European Organizations Express Concern About Copyright Reform

Posted on 12/24/2008 by Julia Dudnik Stern | Printable Version | Comments (0)

In July, the European Commission adopted a Green Paper on Copyright in the Knowledge Economy, which launched a consultative process aiming to ensure that EU countries’ copyright laws offered sufficient protection while encouraging authors and publishers to create and disseminate works electronically. Two image-industry organizations, the Coordination of European Picture Agencies and the British Association of Picture Libraries and Agencies, have highlighted potential problems with the proposed approach.

Similar to the issues that brought about the recently proposed—and still stalled—U.S. orphan-works legislation, the EU initiative advocates copyright reform to allow efficient distribution of research, science and education materials via the Internet. For example, the Green Paper highlights challenges faced by scientific and scholarly publishers, search engines and libraries who seek to reproduce copyrighted materials in non-commercial manner.

CEPIC, which responded to the EU in late November, views the Green Paper’s approach as imbalanced. “We think that the views from artists and copyrights holders are largely absent,” said the organization in a statement. CEPIC opposes the proposed copyright exceptions for libraries, orphan works and Web-generated content, stating that “exceptions to copyright should remain exceptional.”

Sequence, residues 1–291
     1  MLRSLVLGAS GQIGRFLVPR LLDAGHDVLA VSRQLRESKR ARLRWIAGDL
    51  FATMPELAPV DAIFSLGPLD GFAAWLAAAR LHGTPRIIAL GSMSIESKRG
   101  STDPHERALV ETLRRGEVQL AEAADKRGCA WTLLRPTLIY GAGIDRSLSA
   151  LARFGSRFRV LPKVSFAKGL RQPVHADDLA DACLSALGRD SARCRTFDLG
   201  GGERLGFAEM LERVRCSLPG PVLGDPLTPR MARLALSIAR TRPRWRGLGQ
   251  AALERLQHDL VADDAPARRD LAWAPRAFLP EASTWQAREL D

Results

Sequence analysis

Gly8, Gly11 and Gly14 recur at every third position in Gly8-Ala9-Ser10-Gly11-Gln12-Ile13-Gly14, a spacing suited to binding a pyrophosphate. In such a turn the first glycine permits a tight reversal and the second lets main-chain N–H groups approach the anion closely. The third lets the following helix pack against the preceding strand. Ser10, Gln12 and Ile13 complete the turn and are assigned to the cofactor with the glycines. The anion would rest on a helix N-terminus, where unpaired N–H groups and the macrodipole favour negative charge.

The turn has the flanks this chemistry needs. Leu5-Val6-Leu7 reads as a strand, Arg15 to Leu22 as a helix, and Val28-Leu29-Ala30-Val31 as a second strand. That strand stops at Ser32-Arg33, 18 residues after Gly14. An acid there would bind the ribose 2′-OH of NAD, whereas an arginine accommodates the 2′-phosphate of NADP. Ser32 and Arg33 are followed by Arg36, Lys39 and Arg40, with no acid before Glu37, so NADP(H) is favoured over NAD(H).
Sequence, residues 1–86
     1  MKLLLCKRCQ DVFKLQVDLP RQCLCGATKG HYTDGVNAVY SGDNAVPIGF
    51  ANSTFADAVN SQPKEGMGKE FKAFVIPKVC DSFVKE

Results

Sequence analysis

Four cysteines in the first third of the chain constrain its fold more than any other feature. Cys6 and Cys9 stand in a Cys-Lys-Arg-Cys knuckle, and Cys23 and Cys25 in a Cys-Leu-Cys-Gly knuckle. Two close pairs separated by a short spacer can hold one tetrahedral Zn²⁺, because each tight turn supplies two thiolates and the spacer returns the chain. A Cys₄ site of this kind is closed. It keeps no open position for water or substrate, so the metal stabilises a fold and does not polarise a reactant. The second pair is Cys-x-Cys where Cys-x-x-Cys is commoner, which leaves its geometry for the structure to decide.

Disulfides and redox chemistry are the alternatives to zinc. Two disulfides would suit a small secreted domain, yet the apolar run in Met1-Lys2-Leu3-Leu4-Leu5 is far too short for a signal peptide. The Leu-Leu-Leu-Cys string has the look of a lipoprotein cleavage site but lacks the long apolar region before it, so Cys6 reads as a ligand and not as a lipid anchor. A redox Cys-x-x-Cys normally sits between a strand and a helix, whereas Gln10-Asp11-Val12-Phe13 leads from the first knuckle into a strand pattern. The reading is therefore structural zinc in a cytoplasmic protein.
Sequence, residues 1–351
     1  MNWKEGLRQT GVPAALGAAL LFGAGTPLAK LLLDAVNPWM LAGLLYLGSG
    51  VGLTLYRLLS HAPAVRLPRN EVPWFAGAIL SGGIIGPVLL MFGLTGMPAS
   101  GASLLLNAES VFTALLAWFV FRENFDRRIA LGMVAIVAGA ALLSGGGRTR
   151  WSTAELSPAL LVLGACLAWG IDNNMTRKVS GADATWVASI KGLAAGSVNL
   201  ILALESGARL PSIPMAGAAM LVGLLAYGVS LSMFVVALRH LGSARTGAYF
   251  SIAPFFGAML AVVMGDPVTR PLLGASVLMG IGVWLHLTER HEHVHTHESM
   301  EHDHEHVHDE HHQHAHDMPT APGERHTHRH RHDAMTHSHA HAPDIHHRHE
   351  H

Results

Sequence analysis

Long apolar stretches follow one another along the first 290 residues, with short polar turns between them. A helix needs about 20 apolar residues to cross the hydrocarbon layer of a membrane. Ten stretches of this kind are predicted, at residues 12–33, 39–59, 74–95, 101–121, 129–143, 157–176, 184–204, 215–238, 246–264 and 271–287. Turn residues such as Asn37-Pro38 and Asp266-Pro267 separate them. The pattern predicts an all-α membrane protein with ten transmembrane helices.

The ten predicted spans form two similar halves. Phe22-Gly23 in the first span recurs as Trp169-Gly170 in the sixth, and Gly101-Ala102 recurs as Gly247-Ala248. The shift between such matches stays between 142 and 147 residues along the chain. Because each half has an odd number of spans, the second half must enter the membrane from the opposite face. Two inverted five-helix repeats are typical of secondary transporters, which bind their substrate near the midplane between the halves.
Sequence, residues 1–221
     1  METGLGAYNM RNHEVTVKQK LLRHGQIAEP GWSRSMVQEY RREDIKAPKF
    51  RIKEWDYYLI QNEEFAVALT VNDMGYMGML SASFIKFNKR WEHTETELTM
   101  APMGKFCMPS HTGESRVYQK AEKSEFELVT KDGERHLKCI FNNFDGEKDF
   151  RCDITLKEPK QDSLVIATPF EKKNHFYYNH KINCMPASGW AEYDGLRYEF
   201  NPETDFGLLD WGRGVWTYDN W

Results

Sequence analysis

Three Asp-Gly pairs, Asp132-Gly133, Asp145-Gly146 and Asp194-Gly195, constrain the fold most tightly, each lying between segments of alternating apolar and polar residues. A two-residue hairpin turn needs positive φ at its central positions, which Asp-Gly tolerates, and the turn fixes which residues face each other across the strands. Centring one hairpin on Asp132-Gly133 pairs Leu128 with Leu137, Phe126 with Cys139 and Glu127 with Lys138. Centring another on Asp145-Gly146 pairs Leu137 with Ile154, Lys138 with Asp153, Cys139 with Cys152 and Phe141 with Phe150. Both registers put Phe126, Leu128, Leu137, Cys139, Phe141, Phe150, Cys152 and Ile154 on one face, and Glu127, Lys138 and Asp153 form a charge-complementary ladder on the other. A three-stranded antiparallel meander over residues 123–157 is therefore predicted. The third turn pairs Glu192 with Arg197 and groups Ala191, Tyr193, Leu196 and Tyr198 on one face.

The umbrella group agreed with Green Paper’s assertion that copyright owners receive little revenue from the Internet. However, where the EU sees the need to eliminate copyright protection because it is not earning sufficient revenue, CEPIC sees the need to strengthen such protection: “Today, more than ever, copyright owners are the weak part of the revenue stream … legislation in this area is not sufficient.”

CEPIC plans to further discuss these issues during its 2009 congress in Dresden, but some European countries have already launched initiatives geared at copyright reform. Last week, U.K. Minister of State for Higher Education and Intellectual Property David Lammy announced that the U.K. intends to be proactive in responding to the EU call for copyright reform.

Lammy launched “Copyright for the Future,” an initiative that aims to develop a copyright agenda for the 21st Century. BAPLA chairman Paul Brown attended the launch, and the organization said it will work to ensure that the views and needs of the stock industry are factored into any new legislation, particularly on the issue of orphan works. BAPLA plans to submit a formal response to the U.K. Intellectual Property Office in February.

No definitive proposals have been announced. However, it is clear that copyright issues associated with online and digital distribution of intellectual property have taken center stage in leading global economies. Experts predict that 2009 will see the passage of several laws that may have significant effect on how courts view infringement and determine associated costs and damages.

Copyright © 2008 Julia Dudnik Stern. The above article may not be copied, reproduced, excerpted or distributed in any manner without written permission from the author. All requests should be submitted to Selling Stock at 10319 Westlake Drive, Suite 162, Bethesda, MD 20817, phone 301-461-7627, e-mail: wvz@fpcubgbf.pbz


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